The Diabetes Prevention Program (DPP) trial investigated rates of progression to diabetes among adults with prediabetes randomized to treatment with placebo, metformin, or intensive lifestyle intervention. Among women in the DPP, diabetes risk reduction with metformin was greater in women with prior gestational diabetes mellitus (GDM) compared with women without GDM but with one or more previous live births.
We asked if genetic variability could account for these differences by comparing β-cell function and genetic risk scores (GRS), calculated from 34 diabetes-associated loci, between women with and without histories of GDM.
β-Cell function was reduced in women with GDM. The GRS was positively associated with a history of GDM; however, the GRS did not predict progression to diabetes or modulate response to intervention.
These data suggest that a diabetes-associated GRS is associated with development of GDM and may characterize women at risk for development of diabetes due to β-cell dysfunction.
In the Diabetes Prevention Program (DPP), women with prediabetes and prior gestational diabetes mellitus (GDM) were 71% more likely to develop diabetes compared with women without prior GDM and one or more previous live births. Interestingly, intensive lifestyle intervention (ILS) was equally effective at preventing progression to diabetes in both groups of women compared with placebo (53 vs. 49% risk reduction), whereas metformin was more effective in women with a history of GDM (50 vs. 14% risk reduction) (1). Individual genetic risk scores (GRS), developed from a composite of single nucleotide polymorphisms (SNPs) at loci associated with type 2 diabetes, predicted progression to diabetes among DPP participants (2). Here, we compared β-cell function between GDM and non-GDM women in the DPP and examined the utility of this GRS and its individual risk alleles in predicting progression to diabetes and response to intervention in women with or without prior GDM.
Research Design and Methods
The DPP trial design and baseline characteristics have been described in detail previously (3,4). In brief, across 27 U.S. clinical centers, 3,234 participants aged ≥25 years with impaired glucose tolerance, elevated fasting glucose (95–125 mg/dL), and BMI ≥24 kg/m2 were randomized to placebo, metformin, or ILS. Primary study end point was development of diabetes. At the time of enrollment, all women completed a questionnaire regarding gravidity, parity, and GDM history.
Among 1,416 women with one or more live births and without GDM and 350 with a history of GDM, a subset (n = 1,102 without GDM; n = 281 with GDM) underwent genotyping. DNA samples were extracted from peripheral leukocytes, and 34 type 2 diabetes–associated SNPs were genotyped, as described previously (2). A GRS for each participant was calculated using the 34 loci by weighting each risk allele by its effect size (β-estimate) on diabetes risk and summing these values, with a theoretical range of 0–68 (2).
Similar numbers of GDM and non-GDM women who underwent genotyping were assigned to placebo, metformin, or ILS (Table 1). Insulinogenic index calculated from the 75-g, 2-h oral glucose tolerance test [log(∆insulin/∆glucose)(0-30 min)] (5) was used as a measure of β-cell function in general linear models at baseline and at 1 year to determine differences between GDM and non-GDM women. Independent variables included GDM status, race/ethnicity, age at randomization, parity, and intervention (at 1 year only).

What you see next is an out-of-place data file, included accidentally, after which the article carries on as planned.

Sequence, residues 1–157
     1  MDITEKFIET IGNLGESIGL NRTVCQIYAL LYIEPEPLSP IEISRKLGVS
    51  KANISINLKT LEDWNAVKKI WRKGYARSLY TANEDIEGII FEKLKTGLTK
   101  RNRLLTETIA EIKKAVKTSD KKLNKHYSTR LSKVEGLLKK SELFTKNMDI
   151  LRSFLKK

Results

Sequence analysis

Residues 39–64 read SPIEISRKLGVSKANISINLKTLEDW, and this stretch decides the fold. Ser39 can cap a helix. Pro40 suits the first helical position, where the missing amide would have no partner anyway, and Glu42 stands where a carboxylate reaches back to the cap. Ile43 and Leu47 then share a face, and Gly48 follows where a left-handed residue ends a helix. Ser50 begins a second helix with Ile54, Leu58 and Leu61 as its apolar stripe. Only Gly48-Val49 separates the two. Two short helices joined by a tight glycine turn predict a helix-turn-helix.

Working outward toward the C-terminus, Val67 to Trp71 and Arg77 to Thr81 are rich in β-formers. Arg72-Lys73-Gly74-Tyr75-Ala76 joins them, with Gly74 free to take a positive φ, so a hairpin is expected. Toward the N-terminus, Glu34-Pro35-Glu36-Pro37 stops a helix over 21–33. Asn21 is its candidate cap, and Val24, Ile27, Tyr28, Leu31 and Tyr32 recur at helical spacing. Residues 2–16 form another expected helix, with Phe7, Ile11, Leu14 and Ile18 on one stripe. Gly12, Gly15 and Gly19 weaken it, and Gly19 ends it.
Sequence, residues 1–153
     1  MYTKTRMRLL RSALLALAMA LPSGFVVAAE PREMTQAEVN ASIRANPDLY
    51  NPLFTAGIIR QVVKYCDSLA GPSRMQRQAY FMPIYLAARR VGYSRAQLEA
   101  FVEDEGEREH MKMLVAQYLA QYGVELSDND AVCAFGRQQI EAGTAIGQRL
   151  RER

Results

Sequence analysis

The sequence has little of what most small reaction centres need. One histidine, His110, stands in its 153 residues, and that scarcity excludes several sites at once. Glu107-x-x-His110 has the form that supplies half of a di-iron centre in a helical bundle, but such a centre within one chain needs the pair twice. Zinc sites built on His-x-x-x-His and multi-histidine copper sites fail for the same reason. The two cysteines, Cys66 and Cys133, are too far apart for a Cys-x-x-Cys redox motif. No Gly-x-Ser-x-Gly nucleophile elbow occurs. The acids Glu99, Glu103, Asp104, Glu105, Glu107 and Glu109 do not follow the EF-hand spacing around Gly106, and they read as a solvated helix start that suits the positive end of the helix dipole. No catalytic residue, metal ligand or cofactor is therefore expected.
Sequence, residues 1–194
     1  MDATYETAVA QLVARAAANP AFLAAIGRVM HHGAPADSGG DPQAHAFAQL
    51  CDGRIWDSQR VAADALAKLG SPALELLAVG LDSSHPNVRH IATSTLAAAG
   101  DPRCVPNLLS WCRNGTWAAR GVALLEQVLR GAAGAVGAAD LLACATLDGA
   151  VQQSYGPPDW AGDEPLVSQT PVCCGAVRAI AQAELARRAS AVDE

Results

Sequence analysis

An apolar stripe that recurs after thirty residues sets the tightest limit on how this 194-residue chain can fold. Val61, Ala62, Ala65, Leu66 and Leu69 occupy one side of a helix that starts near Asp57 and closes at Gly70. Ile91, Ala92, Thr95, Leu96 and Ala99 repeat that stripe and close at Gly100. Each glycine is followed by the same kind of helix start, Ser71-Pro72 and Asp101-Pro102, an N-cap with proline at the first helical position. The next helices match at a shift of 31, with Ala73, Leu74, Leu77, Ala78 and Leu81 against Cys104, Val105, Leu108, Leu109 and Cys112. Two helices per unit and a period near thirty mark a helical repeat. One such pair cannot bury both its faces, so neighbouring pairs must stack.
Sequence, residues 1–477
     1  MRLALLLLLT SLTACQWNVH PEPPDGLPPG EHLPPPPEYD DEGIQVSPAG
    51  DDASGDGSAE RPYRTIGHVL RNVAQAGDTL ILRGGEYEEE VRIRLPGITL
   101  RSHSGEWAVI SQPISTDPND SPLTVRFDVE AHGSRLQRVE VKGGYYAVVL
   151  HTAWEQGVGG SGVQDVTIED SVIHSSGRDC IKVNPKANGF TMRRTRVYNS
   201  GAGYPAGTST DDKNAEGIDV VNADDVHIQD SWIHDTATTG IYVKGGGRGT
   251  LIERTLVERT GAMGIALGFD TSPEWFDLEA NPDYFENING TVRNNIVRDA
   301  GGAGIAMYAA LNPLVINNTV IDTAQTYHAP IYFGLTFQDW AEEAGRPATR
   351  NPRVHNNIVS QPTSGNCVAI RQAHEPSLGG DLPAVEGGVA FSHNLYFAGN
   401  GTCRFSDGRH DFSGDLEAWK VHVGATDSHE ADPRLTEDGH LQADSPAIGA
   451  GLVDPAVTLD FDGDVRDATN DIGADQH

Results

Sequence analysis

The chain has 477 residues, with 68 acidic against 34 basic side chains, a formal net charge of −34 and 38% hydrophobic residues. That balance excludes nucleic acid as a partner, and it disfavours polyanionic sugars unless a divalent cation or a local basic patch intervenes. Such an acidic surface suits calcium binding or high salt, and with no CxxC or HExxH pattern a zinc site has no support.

Logistic regression was used to evaluate the association between GRS and baseline history of GDM adjusted for ethnicity, age, and parity. We examined the GRS, treatment interventions, and history of GDM in Cox regression models as independent variables predicting diabetes incidence. Models were adjusted for ethnicity and parity. Next, ANCOVA was used to assess the effect of DPP treatments, GRS, and history of GDM on β-cell function adjusted for concomitant insulin sensitivity, as measured by the oral disposition index (DIo) (2,6) at 1 year. In contrast to the insulinogenic index, DIo captures β-cell function adjusted for insulin sensitivity and therefore takes into account physiological compensation (2,6). Models were adjusted for baseline DIo, ethnicity, age, and parity. Individual effects of SNPs were tested in similar ANCOVA models using SNP as an additive term. Genotype, treatment, and GDM three-way and two-way interaction tests were performed for all models testing postrandomization outcomes. Treatment groups were analyzed together if there were no significant interactions. Analyses were also performed after adjustment for waist circumference, which was a significant predictor of development of diabetes in the DPP cohort (2). Nominal two-sided P values are reported.
At baseline, β-cell function (insulinogenic index) was decreased in GDM (mean 4.19 [95% CI 4.10–4.29]) versus non-GDM (mean 4.35 [4.30–4.40]) women (P < 0.01). At 1 year, there was a significant interaction between treatment group and GDM status (P = 0.02); therefore, analysis was stratified by GDM status and treatment group. After adjustments, 1-year insulinogenic index was also lower in GDM compared with non-GDM women (P < 0.01) (Table 1).
Adjusted for ethnicity and age, the GRS was positively associated with GDM history (odds ratio 1.05 [95% CI 1.00–1.08], P = 0.04), such that for every one unit increase in the GRS, the odds of GDM increased by 5%. This association was unaffected by additional adjustment for parity (1.04 [1.00–1.08], P = 0.04); however, it was no longer significant after adjustment for waist circumference (1.04 [1.00–1.08], P = 0.07). There was no difference in the hazard ratios (HRs) for the GRS predicting progression to diabetes in women with GDM compared with women without GDM after adjustment for ethnicity, age, and treatment arm (P = 0.09).
Because β-cell function as measured by insulinogenic index was lower in GDM than in non-GDM women, we next examined the relationship of individual SNPs within the GRS with β-cell function after adjustment for concomitant insulin sensitivity, as measured by DIo. Four of the 34 SNPs comprising the GRS are primarily associated with insulin resistance (KLF14, rs972283; PPARG, rs1801282; IRS1, rs7578326; GCKR, rs780094) (7) and thus were excluded from this analysis in order to isolate any genetic component of β-cell function in GDM women. After adjusting for ethnicity, age, and parity, none of the remaining 30 SNPs comprising the GRS independently associated with DIo in women with GDM compared with women without GDM.